Curses, Foiled Again
While James Miller, 38, was being held as a burglary suspect in Dedham, Mass., he called his girlfriend to tell her to sneak him a handcuff key while hugging or kissing in court. Authorities thwarted the plan by monitoring Miller’s phone conversations—as inmates are clearly warned will happen—and then intercepting Theresa Fougere, 46, who turned over the key.
• Poor planning started early for a 12-year-old girl suspected of robbing a Girl Scout who was selling cookies in Savannah, Ga. Police Sgt. Mike Wilson said the 10-year-old Girl Scout reported that the suspect first placed an order, then snatched $28 from the victim and fled. Police went to the address on the order form and arrested the suspect.
A firefighter driving a truck to a training class in Washington, D.C., heard a call about a house fire and notified his supervisor he was just a few blocks away and could help. The supervisor told Lt. Gerald Burton to ignore the fire and keep going to the training class. Instead, Burton responded to neighbors’ pleas and told his supervisor he and another firefighter with him were going to help. They were first on the scene and put out the blaze. Nobody was injured. Burton was suspended without pay for disobeying his supervisor.
• A landmark restaurant in Rouses Point, N.Y., burned to the ground after the nearest firefighters were delayed 15 minutes because they didn’t have official identification. U.S. Customs officials halted three trucks from Lacolle, Quebec, just 8 miles away, that arrived at the border with lights flashing and sirens sounding. “When you’re answering a call at midnight, all you think about is putting on your pants,” Lacolle fire chief Jean-Pierre Hebert told the Toronto Globe & Mail. “You don’t think about taking your wallet.”
When Guns Are Outlawed
After a drug deal went bad in Edwardsville, Ill., Madison County prosecutors said Southern Illinois University students Rosario James and Jordan Sallis kidnapped a young man and burned him with freshly baked cookies.
Fires during surgery in the United States might number in the hundreds each year rather than the 50 to 100 that patient safety groups previously estimated, according to the latest statistics. “The numbers are higher than we expected,” Mark Bruley of the ECRI Institute, a health-care research organization that helps Pennsylvania compile patient-safety statistics, told The Boston Globe. ECRI noted that 44 percent of operating room fires occur during head, face, neck and chest surgery, when electrical surgical tools are closest to oxygen that patients are breathing.
• A surgeon who rubbed an alcohol-based cleaning solution on a patient’s abdomen decided to remove a mole from her stomach with a hot cauterizing instrument. “Blue flames immediately shot up from her midsection,” Dr. Hubert Johnson told Massachusetts public health investigators, “similar to a flambé.” Antoinette DiPhillipo, 35, suffered first- and second-degree burns.
• A 40-year-old Swedish woman undergoing hemorrhoid surgery was also having a lump removed by electrosurgery. The newspaper Aftonbladet reported that after a nurse at Stockholm’s Ersta Hospital cleaned the patient’s backside with an antiseptic solution, the patient caught fire when the electrical current was turned on to begin operating.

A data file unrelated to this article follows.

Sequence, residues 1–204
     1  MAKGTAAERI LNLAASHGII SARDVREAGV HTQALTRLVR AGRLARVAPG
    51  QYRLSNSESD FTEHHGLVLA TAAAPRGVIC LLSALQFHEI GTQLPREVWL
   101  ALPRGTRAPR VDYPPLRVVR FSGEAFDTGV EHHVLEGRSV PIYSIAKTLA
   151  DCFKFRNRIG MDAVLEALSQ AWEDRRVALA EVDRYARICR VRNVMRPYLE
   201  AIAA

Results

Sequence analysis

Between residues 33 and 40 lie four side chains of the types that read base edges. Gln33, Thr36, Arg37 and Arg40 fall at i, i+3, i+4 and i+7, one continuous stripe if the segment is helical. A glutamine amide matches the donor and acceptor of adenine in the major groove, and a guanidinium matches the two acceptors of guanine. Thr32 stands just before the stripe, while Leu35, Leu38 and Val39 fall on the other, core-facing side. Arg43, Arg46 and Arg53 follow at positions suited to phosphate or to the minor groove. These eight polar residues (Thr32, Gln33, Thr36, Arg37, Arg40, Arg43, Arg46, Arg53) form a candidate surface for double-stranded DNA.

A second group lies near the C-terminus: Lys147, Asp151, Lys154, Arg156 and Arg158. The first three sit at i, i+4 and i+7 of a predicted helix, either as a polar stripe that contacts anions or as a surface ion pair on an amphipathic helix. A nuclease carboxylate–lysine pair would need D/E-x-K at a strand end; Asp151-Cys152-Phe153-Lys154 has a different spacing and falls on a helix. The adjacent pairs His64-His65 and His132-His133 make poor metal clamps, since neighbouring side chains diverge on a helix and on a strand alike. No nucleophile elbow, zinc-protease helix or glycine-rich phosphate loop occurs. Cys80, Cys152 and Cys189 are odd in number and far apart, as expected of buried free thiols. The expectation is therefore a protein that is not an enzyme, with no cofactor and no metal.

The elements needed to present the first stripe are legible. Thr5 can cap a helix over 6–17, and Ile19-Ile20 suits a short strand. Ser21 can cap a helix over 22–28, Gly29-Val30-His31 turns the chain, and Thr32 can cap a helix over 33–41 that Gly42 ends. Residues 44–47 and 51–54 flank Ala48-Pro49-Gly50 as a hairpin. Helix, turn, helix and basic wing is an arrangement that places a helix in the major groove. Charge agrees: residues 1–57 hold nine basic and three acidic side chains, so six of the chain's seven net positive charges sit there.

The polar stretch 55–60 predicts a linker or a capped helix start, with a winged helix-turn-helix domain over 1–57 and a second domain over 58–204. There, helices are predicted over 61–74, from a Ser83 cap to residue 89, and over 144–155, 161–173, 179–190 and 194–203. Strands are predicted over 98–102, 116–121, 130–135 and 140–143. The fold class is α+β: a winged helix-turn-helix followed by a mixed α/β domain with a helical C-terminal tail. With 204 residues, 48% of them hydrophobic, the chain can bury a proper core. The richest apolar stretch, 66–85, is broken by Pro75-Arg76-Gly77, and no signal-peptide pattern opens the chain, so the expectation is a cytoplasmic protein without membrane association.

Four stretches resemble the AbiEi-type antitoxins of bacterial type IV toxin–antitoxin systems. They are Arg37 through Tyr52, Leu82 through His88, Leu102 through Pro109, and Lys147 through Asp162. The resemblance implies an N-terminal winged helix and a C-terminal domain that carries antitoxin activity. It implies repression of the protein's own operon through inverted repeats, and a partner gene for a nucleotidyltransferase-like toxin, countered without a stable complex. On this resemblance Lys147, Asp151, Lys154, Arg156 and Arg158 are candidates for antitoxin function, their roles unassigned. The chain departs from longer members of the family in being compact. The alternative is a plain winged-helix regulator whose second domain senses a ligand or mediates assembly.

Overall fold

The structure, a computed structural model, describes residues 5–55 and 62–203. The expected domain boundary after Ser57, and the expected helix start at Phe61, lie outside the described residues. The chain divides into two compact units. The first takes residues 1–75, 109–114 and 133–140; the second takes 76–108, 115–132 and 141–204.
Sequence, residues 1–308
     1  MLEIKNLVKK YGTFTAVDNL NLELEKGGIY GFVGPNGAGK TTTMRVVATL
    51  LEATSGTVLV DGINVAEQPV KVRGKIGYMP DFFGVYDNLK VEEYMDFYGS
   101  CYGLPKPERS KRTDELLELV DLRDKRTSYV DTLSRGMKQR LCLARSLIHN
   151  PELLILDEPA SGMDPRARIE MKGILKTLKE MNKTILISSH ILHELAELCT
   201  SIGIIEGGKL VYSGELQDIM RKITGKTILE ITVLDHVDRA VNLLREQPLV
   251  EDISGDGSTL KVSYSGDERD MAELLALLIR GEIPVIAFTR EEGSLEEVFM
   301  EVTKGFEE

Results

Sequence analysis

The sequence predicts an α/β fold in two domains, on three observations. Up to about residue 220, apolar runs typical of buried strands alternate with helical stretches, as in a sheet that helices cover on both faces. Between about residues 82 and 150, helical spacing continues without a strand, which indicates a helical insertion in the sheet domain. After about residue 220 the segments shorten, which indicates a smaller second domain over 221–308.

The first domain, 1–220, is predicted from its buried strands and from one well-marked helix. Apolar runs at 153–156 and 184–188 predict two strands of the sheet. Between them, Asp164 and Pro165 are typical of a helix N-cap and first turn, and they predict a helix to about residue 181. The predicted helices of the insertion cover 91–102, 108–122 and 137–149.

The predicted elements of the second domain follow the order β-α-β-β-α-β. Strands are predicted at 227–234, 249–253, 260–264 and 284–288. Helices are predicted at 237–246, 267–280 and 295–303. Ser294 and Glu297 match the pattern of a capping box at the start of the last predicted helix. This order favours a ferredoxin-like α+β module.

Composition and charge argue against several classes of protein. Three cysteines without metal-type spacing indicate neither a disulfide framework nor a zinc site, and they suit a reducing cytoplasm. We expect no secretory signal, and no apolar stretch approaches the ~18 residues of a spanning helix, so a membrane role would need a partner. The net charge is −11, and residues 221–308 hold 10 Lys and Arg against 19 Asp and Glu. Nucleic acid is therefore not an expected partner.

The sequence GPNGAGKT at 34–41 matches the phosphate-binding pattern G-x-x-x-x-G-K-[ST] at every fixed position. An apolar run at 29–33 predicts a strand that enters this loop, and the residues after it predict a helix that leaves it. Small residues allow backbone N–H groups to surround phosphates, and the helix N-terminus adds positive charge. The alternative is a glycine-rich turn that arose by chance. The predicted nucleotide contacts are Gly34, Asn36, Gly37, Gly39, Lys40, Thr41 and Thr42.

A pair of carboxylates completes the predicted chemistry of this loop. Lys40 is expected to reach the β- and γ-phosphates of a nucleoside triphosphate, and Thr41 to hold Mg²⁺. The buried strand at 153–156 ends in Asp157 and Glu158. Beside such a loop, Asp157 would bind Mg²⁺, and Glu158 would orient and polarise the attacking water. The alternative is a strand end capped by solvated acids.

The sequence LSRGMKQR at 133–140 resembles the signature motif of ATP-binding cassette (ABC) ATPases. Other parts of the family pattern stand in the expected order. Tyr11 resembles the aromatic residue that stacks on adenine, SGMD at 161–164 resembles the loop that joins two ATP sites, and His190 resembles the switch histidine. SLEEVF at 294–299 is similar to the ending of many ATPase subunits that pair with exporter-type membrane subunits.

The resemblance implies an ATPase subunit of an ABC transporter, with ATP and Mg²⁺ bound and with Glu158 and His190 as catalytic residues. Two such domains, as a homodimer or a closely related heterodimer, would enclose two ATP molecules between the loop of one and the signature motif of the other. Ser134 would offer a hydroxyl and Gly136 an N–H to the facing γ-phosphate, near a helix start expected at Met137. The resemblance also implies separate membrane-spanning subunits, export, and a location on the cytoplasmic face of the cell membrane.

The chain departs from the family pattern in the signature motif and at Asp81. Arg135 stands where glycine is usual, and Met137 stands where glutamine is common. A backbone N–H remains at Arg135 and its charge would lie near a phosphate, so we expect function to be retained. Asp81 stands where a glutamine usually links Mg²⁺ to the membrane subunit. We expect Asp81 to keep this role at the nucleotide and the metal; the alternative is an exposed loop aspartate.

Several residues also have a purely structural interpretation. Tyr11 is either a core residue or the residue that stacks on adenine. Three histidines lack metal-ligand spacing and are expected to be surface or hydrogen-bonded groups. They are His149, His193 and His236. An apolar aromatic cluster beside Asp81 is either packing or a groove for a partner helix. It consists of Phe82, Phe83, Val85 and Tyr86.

The Finer Points of Sustainability
The Fur Council of Canada launched print ads promoting fur as good for the environment. “When you buy fur, you are helping support people on the land, people who have a direct personal interest in protecting nature,” states one of the ads by the Montreal-based council, which represents tens of thousands of trappers. Another ad criticizes faux fur for containing nonrenewable petrochemicals, pointing out, “Fur, by contrast, is a natural, renewable and sustainable resource.”
• Bagpipes are bad for the environment, according to the conservation group Fauna & Flora International (FFI), which pointed out that Scotland’s national instrument is helping wipe out African Blackwood, which has been used to make Highland pipes since Scottish mariners began bringing it back from Africa in the 18th century. It replaced the native bog oak because it made a sweeter sound. Urging action to save the species, the FFI asked musicians and bagpipe-makers to switch to wood from managed Blackwood forests and to pay as much as $85 to plant “bagpipe trees” to atone for the environmental damage bagpipes have already caused. “The response so far, particularly from Scotland, has been incredible,” said Kirsty Thomson of the charity Good Gifts, which organized the pay-to-plant campaign.
• Researchers at the University of Alberta concluded Canadians could save energy by getting rid of older refrigerators being used to store beverages. Researcher Denise Young found that 30 percent of Canada’s 11.5 million households have so-called beer fridges and that 20 percent of those are energy-inefficient older models.
• Divorce is bad for the environment because it squanders resources, costing as much as $6.9 billion in extra utility costs per year in the United States alone to power separate households, according to a study reported in the Proceedings of the National Academy of Science. “Not only in the United States, but also other countries, including developing countries such as China and places with strict religious policies regarding divorce, are having more divorced households,” said co-author Jianguo Liu of Michigan State University. “The consequent increases in consumption of water and energy and using more space are being seen everywhere.”
Compiled from the nation’s press by Roland Sweet. Submit items, citing date and source, to P.O. Box 8130, Alexandria VA 22306.